was repeated at 20 minute intervals, until we were all standing lined against the walls of a large, nondescript conference room. At one side on a table littered with surplus white police helmets, was a pail of lukewarm drinking water and a single ladle from which we all drank eagerly, having been without water for 18 hours. In turn, we were each directed into a small adjacent chamber, crowded with local officials, seated at a long table covered with legal documents, and briefly questioned. The prosecuting attorney read the charge, posted bond, and directed a trial date to be set for July 23rd. At the completion of this lengthy process, we were herded out to the sidewalk and lined up for group photographers. Before we got back on the bus, our attorney, Mr. Maynard Omerberg, spoke with us. Under no circumstances, were we to leave the jail at night, if requested to do so. He hoped the money for bond,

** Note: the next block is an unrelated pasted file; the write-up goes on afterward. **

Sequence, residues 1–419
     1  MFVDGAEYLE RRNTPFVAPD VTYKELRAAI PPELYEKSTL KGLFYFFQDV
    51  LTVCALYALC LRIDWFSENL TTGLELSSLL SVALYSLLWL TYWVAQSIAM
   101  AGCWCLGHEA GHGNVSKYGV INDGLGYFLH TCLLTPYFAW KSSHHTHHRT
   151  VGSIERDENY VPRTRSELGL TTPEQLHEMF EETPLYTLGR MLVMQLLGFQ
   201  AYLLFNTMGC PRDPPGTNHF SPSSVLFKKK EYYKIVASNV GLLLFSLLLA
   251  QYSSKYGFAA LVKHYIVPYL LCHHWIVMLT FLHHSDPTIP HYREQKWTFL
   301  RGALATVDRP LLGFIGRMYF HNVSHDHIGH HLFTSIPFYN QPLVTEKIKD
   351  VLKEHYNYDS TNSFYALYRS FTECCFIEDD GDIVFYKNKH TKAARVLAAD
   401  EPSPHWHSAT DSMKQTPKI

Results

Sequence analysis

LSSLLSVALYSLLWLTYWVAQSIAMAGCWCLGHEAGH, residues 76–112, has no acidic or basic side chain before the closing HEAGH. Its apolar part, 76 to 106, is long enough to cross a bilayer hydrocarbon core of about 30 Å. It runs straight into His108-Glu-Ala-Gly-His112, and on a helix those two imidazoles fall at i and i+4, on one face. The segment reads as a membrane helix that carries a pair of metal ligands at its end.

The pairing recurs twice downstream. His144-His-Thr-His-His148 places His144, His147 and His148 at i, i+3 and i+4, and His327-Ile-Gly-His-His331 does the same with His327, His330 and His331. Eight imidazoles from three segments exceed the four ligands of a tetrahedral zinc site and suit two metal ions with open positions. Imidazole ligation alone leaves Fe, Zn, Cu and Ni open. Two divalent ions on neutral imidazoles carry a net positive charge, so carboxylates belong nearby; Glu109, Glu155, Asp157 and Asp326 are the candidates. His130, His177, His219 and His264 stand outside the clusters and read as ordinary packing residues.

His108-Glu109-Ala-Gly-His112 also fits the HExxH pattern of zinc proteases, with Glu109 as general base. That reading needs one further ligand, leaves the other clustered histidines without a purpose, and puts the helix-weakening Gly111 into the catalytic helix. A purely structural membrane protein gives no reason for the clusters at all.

totaling 4,860 dollars, could be raised and signed over by the next morning. While I had the opportunity, I gave him my tape recorder and tapes so that he could take them to Ruleville. I was reluctant to take them to Indianola again because I was afraid the recordings might be destroyed. Before going back to Indianola, we were taken on the bus over to a public restroom directly across from the Holly Grove Church, where we had been arrested the night before. Two at a time, we used the facilities. Local people who had stood by and watched the arrest now stood by and waved as we drove on. Each of us was given a sandwich for the long ride back to the jail. The night brought a welcome breeze and rest. In the morning for the second day, we smoothed our much wrinkled, not-too-fragrant clothing, patted our hair into place, and splashed a bit of water on our